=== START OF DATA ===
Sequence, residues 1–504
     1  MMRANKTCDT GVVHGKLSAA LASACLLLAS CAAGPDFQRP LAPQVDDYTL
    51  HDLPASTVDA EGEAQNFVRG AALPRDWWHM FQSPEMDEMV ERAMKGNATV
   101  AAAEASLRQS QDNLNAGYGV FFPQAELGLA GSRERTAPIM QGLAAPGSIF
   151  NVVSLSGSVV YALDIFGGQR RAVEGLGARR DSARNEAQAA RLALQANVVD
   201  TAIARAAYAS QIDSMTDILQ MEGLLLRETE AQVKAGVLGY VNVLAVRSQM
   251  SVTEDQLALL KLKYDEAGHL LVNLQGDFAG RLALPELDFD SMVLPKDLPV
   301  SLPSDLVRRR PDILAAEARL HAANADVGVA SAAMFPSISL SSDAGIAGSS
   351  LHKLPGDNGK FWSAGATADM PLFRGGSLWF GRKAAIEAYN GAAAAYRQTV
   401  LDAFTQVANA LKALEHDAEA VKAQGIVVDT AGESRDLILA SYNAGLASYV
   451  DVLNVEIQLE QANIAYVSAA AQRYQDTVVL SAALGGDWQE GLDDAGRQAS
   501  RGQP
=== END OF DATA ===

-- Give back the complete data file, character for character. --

Sequence, residues 1–504
     1  MMRANKTCDT GVVHGKLSAA LASACLLLAS CAAGPDFQRP LAPQVDDYTL
    51  HDLPASTVDA EGEAQNFVRG AALPRDWWHM FQSPEMDEMV ERAMKGNATV
   101  AAAEASLRQS QDNLNAGYGV FFPQAELGLA GSRERTAPIM QGLAAPGSIF
   151  NVVSLSGSVV YALDIFGGQR RAVEGLGARR DSARNEAQAA RLALQANVVD
   201  TAIARAAYAS QIDSMTDILQ MEGLLLRETE AQVKAGVLGY VNVLAVRSQM
   251  SVTEDQLALL KLKYDEAGHL LVNLQGDFAG RLALPELDFD SMVLPKDLPV
   301  SLPSDLVRRR PDILAAEARL HAANADVGVA SAAMFPSISL SSDAGIAGSS
   351  LHKLPGDNGK FWSAGATADM PLFRGGSLWF GRKAAIEAYN GAAAAYRQTV
   401  LDAFTQVANA LKALEHDAEA VKAQGIVVDT AGESRDLILA SYNAGLASYV
   451  DVLNVEIQLE QANIAYVSAA AQRYQDTVVL SAALGGDWQE GLDDAGRQAS
   501  RGQP